Giants not planning payback in rematch vs. Marlins

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The San Francisco Giants take on the Florida Marlins in a three-game series beginning Friday.

At first glance, this might not seem like much of a series, what with the Marlins entering the weekend on a seven-game losing streak, and the Giants preparing to face the talented Atlanta Braves early next week. But then we are reminded that this is the first meeting between the two teams since late May, a fateful series that saw San Francisco lose star catcher Buster Posey on a controversial play at the plate.

When Scott Cousins barreled into Posey, it knocked the young star out for the season, effectively changed the Giants’ season and also caused Brian Sabean to lose his mind.

So much has changed with these two teams, though. Jack McKeon is running the show in Florida and Cousins has been out since June with a back injury. And the Giants have replaced Posey’s bat – if not his leadership – with Carlos Beltran (who is also now hurt).

So now, with the teams meeting for the first time since then, should we expect some fireworks? In a word, no.

“We’ve moved on,” Giants manager Bruce Bochy told Andrew Baggerly of the San Jose Mercury News. “We have bigger things to be worried about. That’s trying to win and get to the postseason. What happened is behind us.”

More from Baggerly:

Posey, after two surgeries to repair torn ankle ligaments, isn’t looking back, either. He declined multiple interview requests as the Florida series loomed. Posey is only now beginning to put weight on his left foot, but other wounds haven’t healed. He still hasn’t reached out to return Cousins’ apologetic phone call.

“Buster wants to move forward, and I’m proud of how these guys have not dwelled on what happened,” Bochy said. “When you lose your starting catcher and cleanup hitter, it’s devastating.”

In truth, the Giants have a lot more to worry about than the Florida Marlins. With a dramatic victory over the Houston Astros on Thursday night, the D-backs have taken a full game lead in the NL West, and they don’t appear to be going anywhere.

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Alabama man arrested for stealing a Braves golf cart from SunTrust Park

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Last Tuesday night, the Braves hosted the San Francisco Giants at SunTrust Park. They lost 6-3. An Alabama man named Marcus Stephens almost came away a winner, however. At least if stealing a $4,500 golf cart that belongs to the Braves makes you a winner, which in some circles I suppose it would.

Stephens lost, however, when he crashed the cart into a metal pole, attempted to flee on foot and was apprehended by Cobb County Sheriff’s deputies. This all went down at 1:40AM Wednesday morning. The report doesn’t mention anything about alcohol being involved but I’ve read enough stories like this to make educated guesses about such things.

That being said, Stephens seems relatively composed in his mugshot:

I mean, yeah, the eyes look a bit red and puffy and the overall vibe he gives off is “I came to the game as part of the Sigma Nu reunion (Auburn University class of ’06, GO TIGERS!),” but I expected much worse after reading the headline.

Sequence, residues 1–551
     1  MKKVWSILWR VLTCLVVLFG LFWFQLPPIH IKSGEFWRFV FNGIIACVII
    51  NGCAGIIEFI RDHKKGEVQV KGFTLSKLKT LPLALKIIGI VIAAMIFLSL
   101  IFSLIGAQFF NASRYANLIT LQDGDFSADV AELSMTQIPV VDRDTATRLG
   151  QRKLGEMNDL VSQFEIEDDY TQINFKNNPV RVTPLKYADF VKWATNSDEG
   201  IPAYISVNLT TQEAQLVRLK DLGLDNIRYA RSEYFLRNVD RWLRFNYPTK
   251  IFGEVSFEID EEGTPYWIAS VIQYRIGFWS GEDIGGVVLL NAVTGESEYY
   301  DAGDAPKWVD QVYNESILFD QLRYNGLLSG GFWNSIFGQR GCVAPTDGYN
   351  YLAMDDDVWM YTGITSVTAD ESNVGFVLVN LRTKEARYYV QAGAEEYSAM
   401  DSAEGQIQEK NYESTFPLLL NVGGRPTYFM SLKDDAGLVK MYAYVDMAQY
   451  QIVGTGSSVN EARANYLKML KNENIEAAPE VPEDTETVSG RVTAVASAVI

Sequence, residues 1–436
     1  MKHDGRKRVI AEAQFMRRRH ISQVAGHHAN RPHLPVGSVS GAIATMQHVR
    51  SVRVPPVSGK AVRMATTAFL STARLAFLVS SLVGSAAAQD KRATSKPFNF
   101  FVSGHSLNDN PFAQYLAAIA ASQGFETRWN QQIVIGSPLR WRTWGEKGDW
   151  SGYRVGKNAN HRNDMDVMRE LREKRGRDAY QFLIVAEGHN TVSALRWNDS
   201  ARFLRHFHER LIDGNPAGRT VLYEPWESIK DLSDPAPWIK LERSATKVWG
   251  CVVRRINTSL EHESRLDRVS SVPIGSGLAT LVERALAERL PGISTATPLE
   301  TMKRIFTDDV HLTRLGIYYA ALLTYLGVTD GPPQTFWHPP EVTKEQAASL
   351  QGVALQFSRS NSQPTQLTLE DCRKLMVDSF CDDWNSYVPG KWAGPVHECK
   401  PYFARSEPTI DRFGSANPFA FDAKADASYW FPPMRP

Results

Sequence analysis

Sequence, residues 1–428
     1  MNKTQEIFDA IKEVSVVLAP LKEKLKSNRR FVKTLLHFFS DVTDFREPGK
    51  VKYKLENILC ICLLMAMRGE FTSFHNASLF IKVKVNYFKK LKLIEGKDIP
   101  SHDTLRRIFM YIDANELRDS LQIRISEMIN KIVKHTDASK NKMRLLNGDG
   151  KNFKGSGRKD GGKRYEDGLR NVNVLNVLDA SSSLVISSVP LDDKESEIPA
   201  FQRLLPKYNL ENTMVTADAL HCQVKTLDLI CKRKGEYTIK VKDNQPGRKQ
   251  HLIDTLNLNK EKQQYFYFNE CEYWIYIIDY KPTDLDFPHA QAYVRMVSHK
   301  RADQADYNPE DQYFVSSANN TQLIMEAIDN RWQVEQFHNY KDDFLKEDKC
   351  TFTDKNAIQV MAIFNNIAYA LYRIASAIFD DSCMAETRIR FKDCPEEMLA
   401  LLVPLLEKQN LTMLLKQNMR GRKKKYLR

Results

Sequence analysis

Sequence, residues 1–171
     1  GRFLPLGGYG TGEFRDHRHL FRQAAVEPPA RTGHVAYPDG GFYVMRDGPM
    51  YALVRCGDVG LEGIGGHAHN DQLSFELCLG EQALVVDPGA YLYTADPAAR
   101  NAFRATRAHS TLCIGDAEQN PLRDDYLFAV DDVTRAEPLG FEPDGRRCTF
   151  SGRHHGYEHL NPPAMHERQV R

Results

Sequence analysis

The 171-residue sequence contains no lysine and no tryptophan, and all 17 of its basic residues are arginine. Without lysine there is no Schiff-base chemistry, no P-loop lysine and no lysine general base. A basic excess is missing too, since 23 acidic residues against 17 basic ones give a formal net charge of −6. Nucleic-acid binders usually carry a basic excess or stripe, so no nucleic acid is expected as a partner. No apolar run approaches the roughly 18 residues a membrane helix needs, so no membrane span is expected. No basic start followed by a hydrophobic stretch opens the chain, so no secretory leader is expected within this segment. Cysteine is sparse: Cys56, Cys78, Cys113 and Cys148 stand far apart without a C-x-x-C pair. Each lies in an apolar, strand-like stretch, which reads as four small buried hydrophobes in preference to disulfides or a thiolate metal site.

Anyway, dude is out on bail. Somewhere, someone is really super proud of him, I’m sure.

Report: The Yankee Stadium charity is a secretive, self-dealing boondoggle

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The New York Times has a blistering report on the New Yankee Stadium Community Benefits Fund. The Fund is the charity the Yankees created in 2006 as a means of making up for the negative impact the construction New Yankee Stadium had on the surrounding community, primarily via its taking over 25 acres of parkland.

The idea of the Fund was a good one: to distribute $40 million in cash grants and sports equipment, and 600,000 free baseball tickets to community organizations in the Bronx over four decades. And it has been distributing funds and tickets. As the Times reports, however, the manner in which it has done so raises some red flags. Such as:

  • Charitable donations have, in an amazing coincidence, often gone to other charities which share common board members with the New Yankee Stadium Fund;
  • Funds have gone to many wealthy groups in affluent parts of the Bronx far away from the Stadium while the area around the stadium remains one of the most impoverished in the nation. For example, a private school in a wealthy part of the borough and a rec center in a gated community have gotten a lot money that, one would think anyway, could be and should be devoted to organizations closer to the ballpark that are in greater need; and
  • There has been almost no transparency or oversight of the Fund. Reports which were supposed to have been submitted have not been. And no one, apart from the Times anyway, seems to care. The Yankees certainly don’t seem to. Indeed, as the article notes, the team has worked hard to keep the Fund’s operations out of its hands. They just got their new ballpark and write the checks and hand out the tickets. Everything else is someone else’s problem.

Cronyism in private philanthropy is not uncommon. As is a lack of oversight. Often it’s the best connected people who receive the benefit of such funds, not the people most in need. This is especially true in charities whose creation was not born of a philanthropic impulse as much as it was born of a need to put a good face on some not-so-good business dealings.

If the Times’ report is correct — and the lack of anyone coming forward to dispute it on the record despite the Times’ requests that they do suggests it is — it appears as if the New Yankee Stadium Community Benefits Fund is one of those sorts of charities.